NEW ORLEANS -- Relatives of the 11 men who died aboard the Deepwater Horizon oil rig are flying over the Gulf of Mexico on Wednesday, back to the epicenter of the worst offshore oil spill in the nation's history.
Meanwhile, on land, vigils were scheduled in Louisiana, Mississippi, Alabama and Florida to mark the spill.
On the night of April 20, 2010, the Deepwater Horizon, a rig operated by Transocean Ltd., burst into flames as it was drilling a well for BP PLC., killing 11 workers on or near the drilling floor. The rest of the crew evacuated, but two days later the rig toppled into the Gulf and sank to the sea floor. The bodies were never recovered.
Over the next 85 days, 206 million gallons of oil -- 19 times more than the Exxon Valdez spilled -- spewed from the well. In response, the nation commandeered the largest offshore fleet of vessels since D-Day, and BP spent billions of dollars to clean up the mess, saving itself from collapse.
"I can't believe tomorrow has been one year because it seems like everything just happened," Courtney Kemp, whose husband Roy Wyatt Kemp was killed on the rig, wrote on her Facebook page Tuesday. "I have learned a lot of things through all of this but the most important is to live each day as if it were your last ... what matters is if you truly live."
Transocean invited up to three members of each family to attend the flyover. They are expected to ciom a $20 billion fund set up by BP, they said.
Still, it's not all so bleak.
Traffic jams on the narrow coastal roads of Alabama, crowded seafood restaurants in Florida and families vacationing along the Louisiana coast attest to the fact that familiar routines are returning, albeit slowly.
"We used to fuss about that," said Ike Williams, referring to the heavy traffic headed for the water in Gulf Shores, Alabama, where he rents chairs and umbrellas to beachgoers. "But it was such a welcome sight."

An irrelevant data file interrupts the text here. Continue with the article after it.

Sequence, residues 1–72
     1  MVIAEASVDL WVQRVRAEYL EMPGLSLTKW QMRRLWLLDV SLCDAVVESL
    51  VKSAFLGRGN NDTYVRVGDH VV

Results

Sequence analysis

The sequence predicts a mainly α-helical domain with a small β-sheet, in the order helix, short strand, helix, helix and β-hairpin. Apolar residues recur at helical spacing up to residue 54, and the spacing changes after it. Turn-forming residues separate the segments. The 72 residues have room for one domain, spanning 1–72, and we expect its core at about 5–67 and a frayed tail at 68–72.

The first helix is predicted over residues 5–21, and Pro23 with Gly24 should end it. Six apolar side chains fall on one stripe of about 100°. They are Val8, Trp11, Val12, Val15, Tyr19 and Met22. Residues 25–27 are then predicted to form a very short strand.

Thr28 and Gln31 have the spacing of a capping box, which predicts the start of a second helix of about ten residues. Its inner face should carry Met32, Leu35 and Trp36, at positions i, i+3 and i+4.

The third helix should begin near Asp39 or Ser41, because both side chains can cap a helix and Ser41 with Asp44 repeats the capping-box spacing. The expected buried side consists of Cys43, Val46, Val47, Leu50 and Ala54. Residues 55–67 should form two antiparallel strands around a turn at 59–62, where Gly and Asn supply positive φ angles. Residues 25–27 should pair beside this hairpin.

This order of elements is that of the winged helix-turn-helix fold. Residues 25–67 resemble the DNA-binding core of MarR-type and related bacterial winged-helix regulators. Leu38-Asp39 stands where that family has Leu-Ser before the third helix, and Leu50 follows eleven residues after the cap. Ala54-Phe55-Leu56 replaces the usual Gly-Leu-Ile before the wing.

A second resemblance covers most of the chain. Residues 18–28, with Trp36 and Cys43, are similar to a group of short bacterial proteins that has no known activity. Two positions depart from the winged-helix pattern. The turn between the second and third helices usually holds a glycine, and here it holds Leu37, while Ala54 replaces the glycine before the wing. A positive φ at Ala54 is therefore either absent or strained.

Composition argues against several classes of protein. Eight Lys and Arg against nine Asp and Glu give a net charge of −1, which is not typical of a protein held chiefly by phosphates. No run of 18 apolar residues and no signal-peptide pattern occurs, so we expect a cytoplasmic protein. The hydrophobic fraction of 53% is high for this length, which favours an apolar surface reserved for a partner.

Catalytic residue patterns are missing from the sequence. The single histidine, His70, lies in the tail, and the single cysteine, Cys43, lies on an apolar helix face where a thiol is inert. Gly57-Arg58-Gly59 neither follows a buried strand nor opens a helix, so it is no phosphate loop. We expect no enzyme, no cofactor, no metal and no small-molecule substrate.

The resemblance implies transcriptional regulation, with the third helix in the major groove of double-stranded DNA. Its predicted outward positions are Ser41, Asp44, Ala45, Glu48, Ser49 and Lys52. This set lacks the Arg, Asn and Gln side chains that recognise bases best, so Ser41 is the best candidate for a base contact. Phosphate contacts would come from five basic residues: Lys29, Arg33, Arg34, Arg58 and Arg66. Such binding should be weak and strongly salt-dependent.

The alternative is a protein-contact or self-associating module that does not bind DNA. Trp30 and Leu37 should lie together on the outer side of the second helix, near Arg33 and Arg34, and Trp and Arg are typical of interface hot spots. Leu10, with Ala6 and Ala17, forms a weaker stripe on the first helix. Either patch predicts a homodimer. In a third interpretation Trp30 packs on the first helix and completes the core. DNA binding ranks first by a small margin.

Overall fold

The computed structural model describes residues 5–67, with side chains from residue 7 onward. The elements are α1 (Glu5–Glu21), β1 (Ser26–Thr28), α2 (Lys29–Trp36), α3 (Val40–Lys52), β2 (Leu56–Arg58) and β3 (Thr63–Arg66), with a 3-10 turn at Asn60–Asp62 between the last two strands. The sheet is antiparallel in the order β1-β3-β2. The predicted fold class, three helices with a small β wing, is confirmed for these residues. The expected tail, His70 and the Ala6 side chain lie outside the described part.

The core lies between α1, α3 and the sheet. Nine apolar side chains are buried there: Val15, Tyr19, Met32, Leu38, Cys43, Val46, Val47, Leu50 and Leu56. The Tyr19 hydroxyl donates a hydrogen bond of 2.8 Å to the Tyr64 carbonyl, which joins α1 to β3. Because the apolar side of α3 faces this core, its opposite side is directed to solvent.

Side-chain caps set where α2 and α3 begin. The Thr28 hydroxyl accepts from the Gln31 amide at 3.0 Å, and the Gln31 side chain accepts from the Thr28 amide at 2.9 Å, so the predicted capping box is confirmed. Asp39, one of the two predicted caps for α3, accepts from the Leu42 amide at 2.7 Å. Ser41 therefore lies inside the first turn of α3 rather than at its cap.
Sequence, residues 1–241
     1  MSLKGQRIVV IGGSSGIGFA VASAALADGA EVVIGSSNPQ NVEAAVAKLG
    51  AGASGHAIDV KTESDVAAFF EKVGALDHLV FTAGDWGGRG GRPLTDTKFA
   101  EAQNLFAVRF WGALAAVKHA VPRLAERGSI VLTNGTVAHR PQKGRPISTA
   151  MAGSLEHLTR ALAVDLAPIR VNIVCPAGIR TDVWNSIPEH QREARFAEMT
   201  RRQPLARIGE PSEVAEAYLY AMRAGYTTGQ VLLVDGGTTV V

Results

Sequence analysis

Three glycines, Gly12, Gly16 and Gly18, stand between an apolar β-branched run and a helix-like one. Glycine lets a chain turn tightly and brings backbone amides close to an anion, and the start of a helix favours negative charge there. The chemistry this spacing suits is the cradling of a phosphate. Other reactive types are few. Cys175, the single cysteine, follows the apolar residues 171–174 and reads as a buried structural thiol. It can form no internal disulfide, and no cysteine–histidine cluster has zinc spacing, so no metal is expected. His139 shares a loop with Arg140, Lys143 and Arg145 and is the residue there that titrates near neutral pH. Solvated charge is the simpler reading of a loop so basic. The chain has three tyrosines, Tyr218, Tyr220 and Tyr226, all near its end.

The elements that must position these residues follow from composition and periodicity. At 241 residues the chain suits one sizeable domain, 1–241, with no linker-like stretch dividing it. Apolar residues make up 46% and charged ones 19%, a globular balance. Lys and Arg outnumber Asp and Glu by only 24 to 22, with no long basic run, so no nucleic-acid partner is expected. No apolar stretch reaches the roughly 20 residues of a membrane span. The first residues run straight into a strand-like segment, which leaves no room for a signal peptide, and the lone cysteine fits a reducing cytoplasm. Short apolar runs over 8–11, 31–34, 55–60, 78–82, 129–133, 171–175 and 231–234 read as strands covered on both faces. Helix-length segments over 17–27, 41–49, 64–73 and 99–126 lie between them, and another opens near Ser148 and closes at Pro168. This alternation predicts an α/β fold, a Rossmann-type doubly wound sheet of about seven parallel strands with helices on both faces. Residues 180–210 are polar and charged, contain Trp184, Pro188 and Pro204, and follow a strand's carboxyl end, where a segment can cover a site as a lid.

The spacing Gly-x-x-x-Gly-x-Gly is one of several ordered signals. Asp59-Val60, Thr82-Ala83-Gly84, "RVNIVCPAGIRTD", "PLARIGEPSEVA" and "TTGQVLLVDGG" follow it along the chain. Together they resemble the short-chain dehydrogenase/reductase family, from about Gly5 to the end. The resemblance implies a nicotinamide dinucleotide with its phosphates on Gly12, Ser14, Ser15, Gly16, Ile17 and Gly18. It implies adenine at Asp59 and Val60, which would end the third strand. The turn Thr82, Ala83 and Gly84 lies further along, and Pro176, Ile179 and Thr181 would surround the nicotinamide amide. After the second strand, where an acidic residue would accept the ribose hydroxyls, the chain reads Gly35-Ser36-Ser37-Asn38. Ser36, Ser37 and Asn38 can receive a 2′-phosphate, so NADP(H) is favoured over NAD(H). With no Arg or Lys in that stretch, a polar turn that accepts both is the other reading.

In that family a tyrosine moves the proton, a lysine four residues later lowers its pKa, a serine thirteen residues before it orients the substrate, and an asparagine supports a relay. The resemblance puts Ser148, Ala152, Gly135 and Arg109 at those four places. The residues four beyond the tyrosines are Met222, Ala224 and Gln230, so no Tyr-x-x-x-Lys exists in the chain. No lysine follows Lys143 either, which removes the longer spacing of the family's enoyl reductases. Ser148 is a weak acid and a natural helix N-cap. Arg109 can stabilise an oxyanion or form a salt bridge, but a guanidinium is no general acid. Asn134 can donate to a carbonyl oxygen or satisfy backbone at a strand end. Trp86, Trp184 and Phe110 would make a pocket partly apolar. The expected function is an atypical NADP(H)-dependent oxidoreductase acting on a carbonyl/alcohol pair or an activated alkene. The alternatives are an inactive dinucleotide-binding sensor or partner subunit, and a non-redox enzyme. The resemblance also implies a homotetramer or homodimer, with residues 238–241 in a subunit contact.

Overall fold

Many questions still linger: Will the fishing industry recover? Will the environment bounce back completely? Will an oil-hungry public ever accept more deepwater drilling?
"It seems like it is all gone," said Tyler Priest, an oil historian at the University of Houston. "People have turned their attention elsewhere. But it will play out like Exxon Valdez did. There will be 20 years of litigation."
Most scientists agree the effects "were not as severe as many had predicted," said Christopher D'Elia, dean at the School of the Coast and Environment at Louisiana State University. "People had said this was an ecological Armageddon, and that did not come to pass."
Biologists are concerned about the spill's long-term effect on marine life.
"There are these cascading effects," D'Elia said. "It could be accumulation of toxins in the food chain, or changes in the food web. Some species might dominate."
Meanwhile, accumulated oil is believed to lie on the bottom of the Gulf, and it still shows up as a thick, gooey black crust along miles of Louisiana's marshy shoreliand distant memory," said Douglas Brinkley, a Rice University historian. But the accident will have long-lasting influence on environmental history, he said.